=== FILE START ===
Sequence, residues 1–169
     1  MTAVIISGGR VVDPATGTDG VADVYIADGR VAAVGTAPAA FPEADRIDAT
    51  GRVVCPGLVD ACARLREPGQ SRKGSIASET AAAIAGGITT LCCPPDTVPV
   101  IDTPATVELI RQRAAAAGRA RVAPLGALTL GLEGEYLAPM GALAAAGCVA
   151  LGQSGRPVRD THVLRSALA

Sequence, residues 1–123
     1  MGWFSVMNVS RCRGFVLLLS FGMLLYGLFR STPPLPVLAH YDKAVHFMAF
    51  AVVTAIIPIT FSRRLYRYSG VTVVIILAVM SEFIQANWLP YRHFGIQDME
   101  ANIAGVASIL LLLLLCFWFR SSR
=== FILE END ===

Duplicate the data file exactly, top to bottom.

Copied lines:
Sequence, residues 1–169
     1  MTAVIISGGR VVDPATGTDG VADVYIADGR VAAVGTAPAA FPEADRIDAT
    51  GRVVCPGLVD ACARLREPGQ SRKGSIASET AAAIAGGITT LCCPPDTVPV
   101  IDTPATVELI RQRAAAAGRA RVAPLGALTL GLEGEYLAPM GALAAAGCVA
   151  LGQSGRPVRD THVLRSALA

Sequence, residues 1–123
     1  MGWFSVMNVS RCRGFVLLLS FGMLLYGLFR STPPLPVLAH YDKAVHFMAF
    51  AVVTAIIPIT FSRRLYRYSG VTVVIILAVM SEFIQANWLP YRHFGIQDME
   101  ANIAGVASIL LLLLLCFWFR SSR